Unlike Gunnr, Kara’s has 2 attacks that strongly forces the player to evade/block. Since these attacks have similar startup poses, the player must identify the red FX to choose evade or block. [...] Kara shares Gunnr’s Dash, but [if] the player mistimes a parry/plays defensive, they’ll be vulnerable to nearby Draugrs, [adding tension.] Kara’s Wing swipe is a standalone attack that gives her another mixup when evading away and resetting the fight. [...] The range that Kara’s Wing swipe is initiated causes it to miss on purpose. This serves to lull the player to sleep and bait them into attacking if they aren’t paying attention or become greedy. The small burst of forward translation at the end makes this attack deceptive.
Geirdriful shares some moves from both Gunnr and Kara, but adds 2 unique attacks for a formidable/well-rounded moveset [...] Her lone closing attack is unparryable and gives her a high risk / high reward attack compared to Gunn/Kara’s dashing attack that can be parried. [...] Geirdriful’s wing swipe combo is the same as Gunnr’s, but used as a standalone attack (as opposed to Gunnr’s counter attack), another mixup to make the fight less predictable. Geirdriful shares the Gunnr wing thrust unblockable but as a standalone attack with increased translation/speed. If the player fought Gunnr first, then the removal of the wing swipes before the wing thrust unblockable will force them to relearn the cadence of this attack.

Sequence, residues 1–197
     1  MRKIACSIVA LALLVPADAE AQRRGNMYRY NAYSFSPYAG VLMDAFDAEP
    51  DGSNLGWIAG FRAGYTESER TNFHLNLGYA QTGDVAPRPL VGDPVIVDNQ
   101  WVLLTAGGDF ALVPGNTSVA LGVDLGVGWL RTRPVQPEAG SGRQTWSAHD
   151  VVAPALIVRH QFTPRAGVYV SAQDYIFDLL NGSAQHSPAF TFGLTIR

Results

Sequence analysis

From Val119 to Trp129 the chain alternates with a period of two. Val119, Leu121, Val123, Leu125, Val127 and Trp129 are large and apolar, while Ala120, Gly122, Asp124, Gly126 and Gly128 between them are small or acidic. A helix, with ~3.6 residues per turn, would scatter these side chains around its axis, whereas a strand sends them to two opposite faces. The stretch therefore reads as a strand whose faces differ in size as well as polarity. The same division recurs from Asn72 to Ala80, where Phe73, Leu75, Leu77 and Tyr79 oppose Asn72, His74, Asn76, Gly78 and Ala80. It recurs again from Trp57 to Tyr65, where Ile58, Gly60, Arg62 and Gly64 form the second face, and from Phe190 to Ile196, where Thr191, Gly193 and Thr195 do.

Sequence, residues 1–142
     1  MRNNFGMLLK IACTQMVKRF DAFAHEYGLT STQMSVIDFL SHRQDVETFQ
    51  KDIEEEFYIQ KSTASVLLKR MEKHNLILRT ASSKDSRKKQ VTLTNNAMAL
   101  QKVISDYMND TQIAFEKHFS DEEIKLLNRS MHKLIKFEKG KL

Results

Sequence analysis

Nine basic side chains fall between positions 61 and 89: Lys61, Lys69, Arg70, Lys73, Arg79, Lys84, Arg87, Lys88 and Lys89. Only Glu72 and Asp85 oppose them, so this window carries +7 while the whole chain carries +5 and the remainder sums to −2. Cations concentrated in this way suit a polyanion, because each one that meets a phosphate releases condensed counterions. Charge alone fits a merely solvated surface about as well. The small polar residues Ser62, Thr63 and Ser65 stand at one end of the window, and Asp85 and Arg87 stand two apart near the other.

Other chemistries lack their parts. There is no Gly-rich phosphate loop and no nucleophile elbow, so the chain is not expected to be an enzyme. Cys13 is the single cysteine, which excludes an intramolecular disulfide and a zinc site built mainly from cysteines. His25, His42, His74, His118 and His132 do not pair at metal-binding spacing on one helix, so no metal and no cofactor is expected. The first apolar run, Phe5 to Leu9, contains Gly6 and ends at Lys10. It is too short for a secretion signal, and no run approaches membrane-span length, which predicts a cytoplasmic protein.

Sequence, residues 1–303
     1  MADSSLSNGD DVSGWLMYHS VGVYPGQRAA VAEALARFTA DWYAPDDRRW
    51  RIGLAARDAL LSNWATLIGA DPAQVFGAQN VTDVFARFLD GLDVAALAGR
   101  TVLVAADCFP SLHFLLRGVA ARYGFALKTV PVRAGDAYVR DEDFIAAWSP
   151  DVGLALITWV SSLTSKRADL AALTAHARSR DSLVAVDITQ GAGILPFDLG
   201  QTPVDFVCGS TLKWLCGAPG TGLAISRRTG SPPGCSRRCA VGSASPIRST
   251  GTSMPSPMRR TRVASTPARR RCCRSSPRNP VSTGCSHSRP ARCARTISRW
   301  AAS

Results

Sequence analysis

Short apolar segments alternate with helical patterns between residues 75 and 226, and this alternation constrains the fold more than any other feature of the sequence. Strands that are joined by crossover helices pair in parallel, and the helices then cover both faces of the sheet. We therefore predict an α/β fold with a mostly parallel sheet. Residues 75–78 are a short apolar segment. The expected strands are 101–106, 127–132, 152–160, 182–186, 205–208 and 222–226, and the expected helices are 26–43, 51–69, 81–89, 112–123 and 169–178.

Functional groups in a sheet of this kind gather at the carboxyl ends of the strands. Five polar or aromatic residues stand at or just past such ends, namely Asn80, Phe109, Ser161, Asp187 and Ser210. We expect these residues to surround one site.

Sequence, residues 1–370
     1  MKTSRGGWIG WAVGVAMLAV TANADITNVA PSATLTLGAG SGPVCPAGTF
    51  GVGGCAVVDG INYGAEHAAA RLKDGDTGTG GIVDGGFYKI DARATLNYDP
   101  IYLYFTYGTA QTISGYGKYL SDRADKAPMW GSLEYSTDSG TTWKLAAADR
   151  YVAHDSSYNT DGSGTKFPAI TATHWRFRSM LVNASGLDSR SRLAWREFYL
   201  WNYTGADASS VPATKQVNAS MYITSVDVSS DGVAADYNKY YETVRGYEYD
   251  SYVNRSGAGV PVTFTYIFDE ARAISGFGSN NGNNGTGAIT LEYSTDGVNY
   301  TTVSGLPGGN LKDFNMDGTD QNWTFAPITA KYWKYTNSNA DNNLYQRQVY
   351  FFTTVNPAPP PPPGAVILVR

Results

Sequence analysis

In the stealth first person game Dishonored, mission 7 "The Flooded District", the player faces a boss NPC. They can sneak past the boss undetected or attempt to fight the boss. Arkane Studios level designer Dana Nightingale commented on her design documents for the encounter: